ASIDE from Chihiro Ikeda, there's another rising golf star from Davao City who is quietly making a name for herself in the country's junior golf scene.
Meet Sarah Jane Ababa, the 15-year-old sensation who is following the footsteps of Ikeda and her more illustrious relatives in aspiring for glory in the fairways.
She's still young, but Ababa had already won three tournaments abroad--two in the US and one in Malaysia--which is a manifestation of how good this girl from a golfing family is.
"I just play my game every time I compete. Fortunately, I win sometimes," said the unassuming young golfer in Filipino during a recent interview with Sun.Star Davao.
Despite her success, Ababa said she has a lot to do to improve her game, especially her swing and putting.
"I have an inconsistent swing and I want this corrected," said Ababa, whose father Edgardo Ababa is a professional golfer who once joined the national golf circuit.
The younger Ababa said she hopes to emulate 18-year-old Ikeda, who has so far registered a good number of victories for the country abroad, including in the 25th Southeast Asian Games in Laos last year where the Filipino-Japanese won two golds for Team Philippines.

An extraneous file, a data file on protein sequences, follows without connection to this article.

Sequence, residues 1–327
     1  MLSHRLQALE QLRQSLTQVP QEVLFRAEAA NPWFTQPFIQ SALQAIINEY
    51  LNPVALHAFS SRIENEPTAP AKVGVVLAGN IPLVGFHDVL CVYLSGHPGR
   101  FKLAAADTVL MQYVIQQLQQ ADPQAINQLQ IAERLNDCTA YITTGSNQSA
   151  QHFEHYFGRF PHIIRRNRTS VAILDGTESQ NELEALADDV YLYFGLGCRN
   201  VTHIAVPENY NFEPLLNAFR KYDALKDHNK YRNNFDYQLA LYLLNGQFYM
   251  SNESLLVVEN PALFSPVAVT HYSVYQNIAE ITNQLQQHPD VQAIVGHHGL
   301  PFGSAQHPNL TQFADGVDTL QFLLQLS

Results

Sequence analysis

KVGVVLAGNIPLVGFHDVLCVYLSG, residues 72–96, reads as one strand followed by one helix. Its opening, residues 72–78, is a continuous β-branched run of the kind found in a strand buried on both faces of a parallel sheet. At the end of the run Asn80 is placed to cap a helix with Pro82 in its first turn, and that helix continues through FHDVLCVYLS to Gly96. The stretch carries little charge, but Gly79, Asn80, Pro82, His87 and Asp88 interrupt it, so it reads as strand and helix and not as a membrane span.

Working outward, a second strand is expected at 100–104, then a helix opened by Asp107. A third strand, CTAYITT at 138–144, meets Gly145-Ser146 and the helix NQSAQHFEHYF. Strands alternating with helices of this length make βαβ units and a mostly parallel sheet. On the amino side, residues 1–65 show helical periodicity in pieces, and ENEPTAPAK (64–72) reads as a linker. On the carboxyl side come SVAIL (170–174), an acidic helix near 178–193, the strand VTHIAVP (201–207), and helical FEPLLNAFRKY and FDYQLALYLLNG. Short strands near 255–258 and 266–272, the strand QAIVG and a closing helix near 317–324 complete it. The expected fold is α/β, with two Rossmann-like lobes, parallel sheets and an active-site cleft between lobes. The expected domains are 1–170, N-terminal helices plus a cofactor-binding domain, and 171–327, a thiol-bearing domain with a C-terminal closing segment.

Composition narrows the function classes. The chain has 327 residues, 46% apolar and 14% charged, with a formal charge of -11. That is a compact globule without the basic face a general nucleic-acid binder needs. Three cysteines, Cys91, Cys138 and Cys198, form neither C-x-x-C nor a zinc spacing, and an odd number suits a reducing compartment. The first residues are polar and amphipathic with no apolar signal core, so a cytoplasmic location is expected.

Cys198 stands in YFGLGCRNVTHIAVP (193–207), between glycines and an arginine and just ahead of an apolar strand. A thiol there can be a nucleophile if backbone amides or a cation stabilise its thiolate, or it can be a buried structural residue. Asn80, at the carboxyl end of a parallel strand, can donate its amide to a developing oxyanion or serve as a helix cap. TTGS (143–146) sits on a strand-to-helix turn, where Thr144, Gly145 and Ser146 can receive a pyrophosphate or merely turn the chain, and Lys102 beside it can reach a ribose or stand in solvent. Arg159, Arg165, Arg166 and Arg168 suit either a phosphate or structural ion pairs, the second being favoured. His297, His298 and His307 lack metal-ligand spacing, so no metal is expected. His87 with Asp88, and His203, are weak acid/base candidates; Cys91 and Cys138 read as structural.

"She's really good and I would like to be like her," Ababa said of her friend Ikeda. Ababa and Ikeda are both International Contaioner Terminal Services Incorporated (ICTSI) mainstays who spent the holidays with their familes in their hometown Davao City.
Ababa won her first international crown when she ruled the 44th Penang Amateur Open a commanding 12 strokes at the Bukit Jawi Golf Resort in Malaysia in 2008. She then followed this up with two victories at the Future Collegians World Tour (FCWT) event last year--in New Mexico and Florida.
At the New Mexico leg, Ababa topped the 13-18 girls division title with a 36-hole total of 142, two shots up on her closest rivals.
Ababa, together with Ikeda, flew back to Manila last week to resume her campaign this year both in local and abroad where she hopes to come up with another fine performance for her country.
"I will train very hard to be competitive. I'm working to improve on my game," Ababa assured.